The Braves are not winning 94 games.

  7. Ethan

    February 17, 2011 11:33 PM

    Shawn, I stopped reading after you said Vazquez.

    Ben, Hudson’s FIP was actually better in the second half.

  8. hk

    February 18, 2011 06:30 AM


    You’re right that his FIP improved in the 2nd half (actually only in July and August as September was his worst FIP month of the season), but there’s no denying Ben’s original claim that they should not expect another 2.83 ERA from Hudson in 2011. Last year, he benefited from a .249 BABIP, posted a 4.09 FIP for the season and threw 235 innings, making it the first year since 2007 that he eclipsed 150 IP. I wonder how much of his September performance was from being tired and how those innings will impact him this year in his age 36 season.

  9. Undocorkscrew

    February 20, 2011 03:15 PM


    Nope, Hudson’s not likely to repeat his 2010 performance. But he’s a solid bet for a 3.50-3.90 ERA.

    I do expect Jurrjens to be better and Hanson to be more consistent. Plus, don’t forget that Kawakami went 1-10 last year with an ERA over 5.00 as the Braves #5 starter. I seriously doubt that Mike Minor does worse out of the 5th spot in the rotation. So a healthy Jurrjens and a better #5 starter, I wouldn’t be surprised to see the rotations overall numbers being even better this year.

    I think 94 wins is within reach, sure.

  10. Undocorkscrew

    February 20, 2011 03:17 PM

    And Hudson’s career Babip is .284. So while he was lucky last year, I don’t expect a huge regression. FIP isn’t the best stat to use for a guy that has ‘pitch-to-contact’ stuff and gets a ton of groundballs. You know, pretty much what Hudson has done his entire career with a lot of success….

  11. Undocorkscrew

    February 20, 2011 03:23 PM

    Also, one more thing…

    Regarding Heyward not ever staying completely healthy during a pro year. The injuries he had in the minors limited his playing time merely as a precaution. He’s not the big injury risk a lot think, they’re mostly fluke injuries(like sliding headfirst and destroying your thumb). And even with the thumb bothering him the entire second half he still hit over .300 and put up an OPS over .900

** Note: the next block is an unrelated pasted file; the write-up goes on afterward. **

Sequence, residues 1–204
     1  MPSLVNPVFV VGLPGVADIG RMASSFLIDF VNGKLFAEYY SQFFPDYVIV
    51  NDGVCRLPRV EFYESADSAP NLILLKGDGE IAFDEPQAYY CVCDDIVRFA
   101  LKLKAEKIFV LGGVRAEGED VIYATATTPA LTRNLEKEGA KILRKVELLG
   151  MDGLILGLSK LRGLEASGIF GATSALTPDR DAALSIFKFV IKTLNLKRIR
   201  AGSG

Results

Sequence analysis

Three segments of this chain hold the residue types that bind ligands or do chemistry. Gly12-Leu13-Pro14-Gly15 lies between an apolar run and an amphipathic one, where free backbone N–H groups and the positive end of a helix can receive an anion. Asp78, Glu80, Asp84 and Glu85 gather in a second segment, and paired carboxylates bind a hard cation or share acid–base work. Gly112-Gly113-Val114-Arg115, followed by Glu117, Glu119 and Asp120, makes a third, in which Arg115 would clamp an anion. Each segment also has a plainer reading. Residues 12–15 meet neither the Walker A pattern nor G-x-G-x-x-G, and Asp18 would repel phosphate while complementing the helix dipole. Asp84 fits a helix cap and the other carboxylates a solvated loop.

12. Undocorkscrew

    February 20, 2011 04:26 PM

    Last year the Braves had a top 5 club in these categories:

    Starting Pitching

    I expect the starting pitching, offense, and bench to all by top 5 in the NL once again. The pen probably won’t be, but it’s got a chance to be one of the better ones in the league.

  13. hk

    February 20, 2011 09:33 PM

    @ Undocorkscrew, I agree that an ERA between 3.50 to 3.90 for Hudson is very likely, that Minor should be better than Kawakami and that Jurrjens should be better than last year (if healthy). FWIW, Las Vegas has set the over / under on Atlanta wins at 88.5.

  14. Scott

    February 21, 2011 04:18 AM

    The Braves are better than last year and in my opinion the NL East is weaker than last year, so I would assume both the Phillies and Braves to improve on their win totals from a year ago. Both teams should pile up wins and both teams should make the playoffs relatively easy. The NL West and central divisions are both better top to bottom than the East will be this year. So the likely hood that two teams will come from either of those divisions is going to be much more difficult than two teams coming out of the east.